This could be thought of as a memorial post. A memorial to our Mark III, a camera that Practical used for so many different projects but that we lost this year. There are many cameras that are larger, shooting higher resolution, and have glossier bodies than the Canon 5D Mark III, but for very few of those was I as excited about than I was when I bought the Mark III, or stayed with me for as long as the Mark III did.
The main power of the Canon 5D Mark III was its staying power. It never left. Even after we bought more powerful cameras the Mark III remained at my side, even if just to stand by and take BTS photos while the newer, bigger cameras did the work. And when the bigger cameras couldn’t come, the Mark III was still, as always, right by my side-- hanging from my shoulder to be specific. When I would travel, things would happen that... really couldn’t be anticipated and that happened in far off corners where the only device I had on me was the camera over my shoulder. Some of these moments found their way into of our projects and often as some of the more interesting or incredible moments, or became projects of their own.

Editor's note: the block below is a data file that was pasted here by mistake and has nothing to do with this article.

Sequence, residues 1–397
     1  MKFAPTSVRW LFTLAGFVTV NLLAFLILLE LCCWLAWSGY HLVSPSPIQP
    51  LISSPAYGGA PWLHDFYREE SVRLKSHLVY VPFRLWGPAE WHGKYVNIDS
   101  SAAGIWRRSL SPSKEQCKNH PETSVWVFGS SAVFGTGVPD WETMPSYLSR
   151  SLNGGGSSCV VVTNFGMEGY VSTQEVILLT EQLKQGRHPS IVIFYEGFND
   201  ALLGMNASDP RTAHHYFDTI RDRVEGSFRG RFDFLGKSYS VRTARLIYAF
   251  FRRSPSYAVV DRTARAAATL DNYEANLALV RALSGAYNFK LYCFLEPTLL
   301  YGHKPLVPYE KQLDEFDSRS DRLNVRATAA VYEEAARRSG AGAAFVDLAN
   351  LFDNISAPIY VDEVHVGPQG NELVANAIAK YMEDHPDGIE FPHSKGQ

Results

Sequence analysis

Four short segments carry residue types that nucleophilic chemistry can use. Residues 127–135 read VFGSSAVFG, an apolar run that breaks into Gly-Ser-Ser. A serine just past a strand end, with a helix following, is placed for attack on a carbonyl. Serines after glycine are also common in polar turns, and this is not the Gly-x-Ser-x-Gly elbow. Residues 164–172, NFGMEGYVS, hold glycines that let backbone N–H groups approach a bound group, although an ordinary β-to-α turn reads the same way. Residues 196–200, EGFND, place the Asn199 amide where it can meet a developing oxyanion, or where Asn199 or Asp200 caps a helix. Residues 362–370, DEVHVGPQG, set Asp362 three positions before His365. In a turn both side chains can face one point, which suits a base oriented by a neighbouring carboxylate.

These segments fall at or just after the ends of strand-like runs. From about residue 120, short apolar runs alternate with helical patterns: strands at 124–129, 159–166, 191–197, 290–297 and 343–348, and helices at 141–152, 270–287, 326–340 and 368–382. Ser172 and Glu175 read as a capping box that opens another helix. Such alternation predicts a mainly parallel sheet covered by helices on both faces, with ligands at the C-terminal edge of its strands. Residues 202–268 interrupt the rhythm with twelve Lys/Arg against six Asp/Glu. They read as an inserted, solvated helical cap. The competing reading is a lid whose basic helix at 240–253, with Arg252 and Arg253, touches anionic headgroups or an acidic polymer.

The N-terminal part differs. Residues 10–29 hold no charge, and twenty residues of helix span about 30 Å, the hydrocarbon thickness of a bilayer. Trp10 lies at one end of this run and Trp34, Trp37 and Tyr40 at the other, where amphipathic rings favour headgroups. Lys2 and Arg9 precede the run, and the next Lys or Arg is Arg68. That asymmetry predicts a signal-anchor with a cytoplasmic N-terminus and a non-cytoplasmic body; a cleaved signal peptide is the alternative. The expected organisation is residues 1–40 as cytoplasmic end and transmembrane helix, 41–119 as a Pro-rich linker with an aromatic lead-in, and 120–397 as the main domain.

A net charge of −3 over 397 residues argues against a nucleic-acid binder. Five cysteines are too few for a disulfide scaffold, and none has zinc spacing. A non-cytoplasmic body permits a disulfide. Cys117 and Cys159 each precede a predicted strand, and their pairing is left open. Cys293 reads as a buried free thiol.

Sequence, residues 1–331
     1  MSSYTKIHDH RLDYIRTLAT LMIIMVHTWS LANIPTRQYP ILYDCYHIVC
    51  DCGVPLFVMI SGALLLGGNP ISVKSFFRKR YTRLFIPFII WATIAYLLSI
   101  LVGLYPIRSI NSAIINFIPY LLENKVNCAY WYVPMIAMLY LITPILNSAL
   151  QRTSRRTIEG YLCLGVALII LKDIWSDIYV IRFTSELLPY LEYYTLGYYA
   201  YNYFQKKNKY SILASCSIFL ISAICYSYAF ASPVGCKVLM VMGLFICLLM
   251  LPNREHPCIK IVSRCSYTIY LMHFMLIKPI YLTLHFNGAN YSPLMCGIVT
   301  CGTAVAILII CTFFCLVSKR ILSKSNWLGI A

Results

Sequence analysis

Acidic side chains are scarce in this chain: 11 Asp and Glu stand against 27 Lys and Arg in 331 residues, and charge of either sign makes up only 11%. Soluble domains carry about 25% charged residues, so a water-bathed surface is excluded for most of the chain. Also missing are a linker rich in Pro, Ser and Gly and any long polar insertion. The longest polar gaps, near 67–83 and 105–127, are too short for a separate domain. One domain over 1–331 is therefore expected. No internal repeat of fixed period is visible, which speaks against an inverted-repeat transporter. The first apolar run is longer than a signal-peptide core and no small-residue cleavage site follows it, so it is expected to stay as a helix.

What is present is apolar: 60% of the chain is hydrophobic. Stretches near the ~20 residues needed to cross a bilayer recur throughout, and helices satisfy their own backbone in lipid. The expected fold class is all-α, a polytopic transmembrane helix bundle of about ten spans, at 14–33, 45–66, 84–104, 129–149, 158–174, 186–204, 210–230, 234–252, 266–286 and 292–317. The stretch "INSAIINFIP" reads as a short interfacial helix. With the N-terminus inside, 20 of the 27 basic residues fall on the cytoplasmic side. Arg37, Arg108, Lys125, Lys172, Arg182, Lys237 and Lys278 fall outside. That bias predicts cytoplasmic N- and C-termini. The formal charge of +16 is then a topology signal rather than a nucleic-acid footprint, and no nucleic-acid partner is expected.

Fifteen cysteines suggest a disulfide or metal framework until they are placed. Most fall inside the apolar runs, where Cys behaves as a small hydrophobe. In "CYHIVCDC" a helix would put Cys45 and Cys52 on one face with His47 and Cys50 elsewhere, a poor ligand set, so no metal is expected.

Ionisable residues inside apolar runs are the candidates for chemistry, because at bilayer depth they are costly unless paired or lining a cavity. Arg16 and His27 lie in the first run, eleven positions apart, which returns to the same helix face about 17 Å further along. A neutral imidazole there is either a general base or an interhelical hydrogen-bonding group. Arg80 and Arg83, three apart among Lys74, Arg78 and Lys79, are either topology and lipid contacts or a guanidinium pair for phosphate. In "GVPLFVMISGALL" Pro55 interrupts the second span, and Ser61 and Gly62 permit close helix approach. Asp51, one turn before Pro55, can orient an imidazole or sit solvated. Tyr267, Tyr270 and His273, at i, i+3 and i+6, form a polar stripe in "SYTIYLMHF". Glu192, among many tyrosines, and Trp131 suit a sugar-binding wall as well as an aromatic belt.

I think it’s safe to safe the epitome of this is West Coast Travelogue. It was filmed on a trip that was packed so tightly that I couldn’t even pack a spare batteries. West Coast Travelogue was captured through one lens, onto one card, in one card, and just with the batteries that would fit inside. And while the equipment that was used was brought out of pure necessity, the tight situations I was in with that gear, the train compartments, sidewalks, windstorms, and lush forest corners, they were truly inspiring. And being able to have a camera that was both so small and so versatile that captured such beautiful footage is still so cool to me.
The Canon 5D Mark III carried a lot of responsibility in the creation of West Coast Travelogue. And while the footage was shot a year ago in February, it was only about a year ago this month that I actually finished and posted the Travelogue. I didn’t realize the response it would garner from both friends and from people I hadn’t met-- and I’ve had more people want to talk about this project than any other -- which says a lot about the power of being able to be so spontaneous and is one of the reasons that I’m going to miss this camera the most.
Every single image in this post was taken with the Mark III, which was lost on April 22, 2015 far from home in San Diego, California. We don’t know how it was lost or exactly when, but that wonderful machine leaves these images behind. We’ll miss you Mark III.